All here and accounted for. The USA National Team for the upcoming World University Games (WUG), July 3-14 in Gwangju, Korea, is all present as the 11 Kansas men's basketball contingent, joined by SMU guard Nic Moore the afternoon of June 12, continued practicing for the upcoming games.
…"Practices have been good and with Nic in here today, we'll have our full complement of guys," said USA National Team head coach Bill Self who has guided Kansas to an unprecedented 11-straight Big 12 Conference regular-season titles (2005-15) and two Final Fours as the Jayhawks are the winningest program in NCAA Division I since the 2006-07 season, averaging 31.1 wins in that span with an 83.8 winning percentage. "I'm pleased. We're experimenting on some different things and they guys are really trying hard, they're jacked and going at it. It is very competitive."
The pace of play has been fast and furious at Kansas University’s World University Games basketball practices the past nine days.
“Our guys ... they always say they want to play fast. They don’t know what playing fast is until they’ve actually practiced this way,” KU coach Bill Self said Monday before holding a two-hour workout in the Jayhawks’ practice facility.
There is no walking the basketball up the court during the Jayhawk workouts in response to international basketball’s 24-second clock. It is drastically different from the 35-second clock college hoops has employed the past many years, to be reduced to 30 seconds for the 2015-16 season.
“It’s different,” Self said. “Playing with a short clock, you can’t run a different offense against every defense. You can’t have a slow press offense whenever people try to soft press you. You’ve got to get it and go. It’s been good for me to basically kind of re-evaluate how we do things to make our guys play with more pace."
Kansas University coach/Basketball Boogie emcee/comedian Bill Self on Saturday roasted a current KU player and one the Jayhawks have borrowed from SMU for the 2015 World University Games.
“Frank wanted us to make sure to take Nic so he wasn’t the shortest guy on the team,” Self deadpanned in introducing SMU senior Nic Moore to several hundred patrons who attended Saturday night’s Assists Foundation fundraiser at Abe and Jake’s Landing.
Frank Mason III is indeed KU’s shortest player at 5-foot-11, 185-pounds, while Moore stands 5-9, 170. All joking aside, Self has utmost respect for junior point guard Mason, as well as Moore, floor general at SMU.
“I feel loved here ... but I’m a Mustang at heart,” Moore said Sunday after signing autographs for 21⁄2 hours at Self’s basketball camp orientation in Anschutz Pavilion. “I’ve only been here for a day-and-a-half now. I’m getting used to the things that the guys do. Everybody has made me feel welcome so far.”
Moore said it was an “honor” for him to be asked to be the only non-KU player on the USA’s 2015 World University Games team.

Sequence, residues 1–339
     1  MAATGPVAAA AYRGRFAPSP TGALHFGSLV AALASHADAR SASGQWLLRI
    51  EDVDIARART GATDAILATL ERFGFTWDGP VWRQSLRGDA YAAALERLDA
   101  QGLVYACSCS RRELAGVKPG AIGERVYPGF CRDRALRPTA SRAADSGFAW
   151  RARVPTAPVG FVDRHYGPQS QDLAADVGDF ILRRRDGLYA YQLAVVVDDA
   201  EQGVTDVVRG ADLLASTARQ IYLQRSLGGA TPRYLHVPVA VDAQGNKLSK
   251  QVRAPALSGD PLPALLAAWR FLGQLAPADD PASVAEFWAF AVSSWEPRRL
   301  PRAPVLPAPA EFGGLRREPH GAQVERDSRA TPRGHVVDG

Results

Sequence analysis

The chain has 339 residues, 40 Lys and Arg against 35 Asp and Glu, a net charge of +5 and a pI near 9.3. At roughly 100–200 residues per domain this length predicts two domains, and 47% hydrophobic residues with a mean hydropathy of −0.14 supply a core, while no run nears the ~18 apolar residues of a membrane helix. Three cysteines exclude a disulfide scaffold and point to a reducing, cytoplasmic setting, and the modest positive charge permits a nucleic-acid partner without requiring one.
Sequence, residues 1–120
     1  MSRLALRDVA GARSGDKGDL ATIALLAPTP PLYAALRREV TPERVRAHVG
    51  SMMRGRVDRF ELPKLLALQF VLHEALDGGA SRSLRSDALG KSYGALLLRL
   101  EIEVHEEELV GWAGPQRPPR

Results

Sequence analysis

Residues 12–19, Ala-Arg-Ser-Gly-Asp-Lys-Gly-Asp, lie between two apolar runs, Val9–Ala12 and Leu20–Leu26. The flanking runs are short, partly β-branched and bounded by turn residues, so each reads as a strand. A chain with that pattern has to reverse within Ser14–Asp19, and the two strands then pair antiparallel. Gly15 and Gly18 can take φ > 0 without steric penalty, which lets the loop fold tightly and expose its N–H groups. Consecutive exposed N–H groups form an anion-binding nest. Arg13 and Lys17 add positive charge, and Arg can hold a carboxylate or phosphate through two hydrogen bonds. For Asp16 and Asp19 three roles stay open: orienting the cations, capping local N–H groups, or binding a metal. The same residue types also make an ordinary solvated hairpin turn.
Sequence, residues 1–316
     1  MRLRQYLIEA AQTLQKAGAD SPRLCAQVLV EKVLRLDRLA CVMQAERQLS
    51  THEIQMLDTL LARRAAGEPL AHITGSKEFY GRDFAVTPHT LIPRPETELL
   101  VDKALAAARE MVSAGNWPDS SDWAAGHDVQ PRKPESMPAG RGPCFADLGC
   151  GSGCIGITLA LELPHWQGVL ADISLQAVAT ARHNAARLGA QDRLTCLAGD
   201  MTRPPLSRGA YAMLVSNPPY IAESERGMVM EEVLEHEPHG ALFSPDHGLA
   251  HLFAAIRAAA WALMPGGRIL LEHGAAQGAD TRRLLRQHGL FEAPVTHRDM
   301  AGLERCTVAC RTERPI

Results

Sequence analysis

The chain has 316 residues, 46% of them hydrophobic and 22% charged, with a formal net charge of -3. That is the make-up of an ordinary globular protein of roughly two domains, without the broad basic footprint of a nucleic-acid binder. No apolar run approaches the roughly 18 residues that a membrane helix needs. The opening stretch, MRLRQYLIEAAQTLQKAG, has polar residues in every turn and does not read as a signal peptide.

…Moore in just one practice has already made an impression.
“I learned he’s a leader. He got there halfway through (Friday’s) practice, walked in and acted like he owned the place. That’s exactly what best players in leagues do,” Self said.
Moore explained his entrance: “I actually hopped off a plane, started signing some papers. I only got to practice with the guys about 35 minutes, so I haven’t really gotten to see anything yet,” he said.
Asked if he’s going to “be shy or be a leader,” Moore said: “I’m definitely going to be a leader. I wouldn’t be here if I was shy.”
KU senior Perry Ellis, who has been a leader mainly by example, said he was all in favor of adding Moore to the team.
“He seems like a great guy. I like him,” Ellis said, adding, “He moves the ball real well. He can score and is vocal. He’s going to be a huge addition to us.”
In preparation for the World University Games, KU’s USA National Team will face Team Canada in two exhibition games, June 23 and 26, at 7 p.m. at Sprint Center, in Kansas City, Missouri. Tickets are available with a two-game ticket package for $50. Fans can purchase tickets online at Sprint Center. For additional information, call the Kansas Athletics ticket office at 800-34-HAWKS.
2015 World University Games - Men’s Basketball Pool D Schedule
Saturday, July 4
12 p.m. – USA vs. Turkey at Dongkang Gymnasium (July 3, 10 p.m. Central)
5:30 p.m. – Brazil vs. Chile at Yeonggwang Sportium Gymnasium
8 p.m. – Serbia vs. Switzerland at Gwangju University Gymnasium
Sunday, July 5
6 p.m. – Turkey vs. Switzerland at Gwangju University Gymnasium
8:30 p.m. – Brazil vs. USA at Dongkang Gymnasium (July 5, 6:30 a.m. Central)
8:30 p.m. – Chile vs. Serbia at Muan Indoor Gymnasium
Tuesday, July 7
12 p.m. – Switzerland vs. Brazil at Muan Indoor Gymnasium
2:30 p.m. – Chile vs. USA at Muan Indoor Gymnasium (July 7, 12:30 a.m. Central)
2:30 p.m. – Serbia vs. Turkey at Muan Indoor Gymnasium
Wednesday, July 8
12 p.m. – USA vs. Serbia at Dongkang Gymnasium (July 7, 10 p.m. Central)
2:30 p.m. – Switzerland vs. Chile at Dongkang Gymnasium
5:30 p.m. – Brazil vs. Turkey at Dongkang Gymnasium
Thursday, July 9
10 a.m. – USA vs. Switzerland at Dongkang Gymnasium (July 8, 8 p.m. Central)
6 p.m. – Serbia vs. Brazil at Muan Indoor Gymnasium